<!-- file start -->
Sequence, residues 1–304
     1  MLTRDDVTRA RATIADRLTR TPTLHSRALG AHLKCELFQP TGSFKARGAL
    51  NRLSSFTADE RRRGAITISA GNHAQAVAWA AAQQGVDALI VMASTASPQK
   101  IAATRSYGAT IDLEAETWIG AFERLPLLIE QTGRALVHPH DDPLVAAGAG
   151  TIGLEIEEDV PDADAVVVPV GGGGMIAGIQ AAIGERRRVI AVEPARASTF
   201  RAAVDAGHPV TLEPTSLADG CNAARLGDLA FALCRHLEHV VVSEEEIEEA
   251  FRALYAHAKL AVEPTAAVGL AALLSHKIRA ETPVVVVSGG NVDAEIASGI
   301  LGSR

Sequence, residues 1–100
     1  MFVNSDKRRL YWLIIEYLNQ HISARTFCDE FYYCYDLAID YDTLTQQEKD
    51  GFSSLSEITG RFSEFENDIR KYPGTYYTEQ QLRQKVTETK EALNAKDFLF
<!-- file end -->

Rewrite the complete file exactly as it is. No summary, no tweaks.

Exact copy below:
Sequence, residues 1–304
     1  MLTRDDVTRA RATIADRLTR TPTLHSRALG AHLKCELFQP TGSFKARGAL
    51  NRLSSFTADE RRRGAITISA GNHAQAVAWA AAQQGVDALI VMASTASPQK
   101  IAATRSYGAT IDLEAETWIG AFERLPLLIE QTGRALVHPH DDPLVAAGAG
   151  TIGLEIEEDV PDADAVVVPV GGGGMIAGIQ AAIGERRRVI AVEPARASTF
   201  RAAVDAGHPV TLEPTSLADG CNAARLGDLA FALCRHLEHV VVSEEEIEEA
   251  FRALYAHAKL AVEPTAAVGL AALLSHKIRA ETPVVVVSGG NVDAEIASGI
   301  LGSR

Sequence, residues 1–100
     1  MFVNSDKRRL YWLIIEYLNQ HISARTFCDE FYYCYDLAID YDTLTQQEKD
    51  GFSSLSEITG RFSEFENDIR KYPGTYYTEQ QLRQKVTETK EALNAKDFLF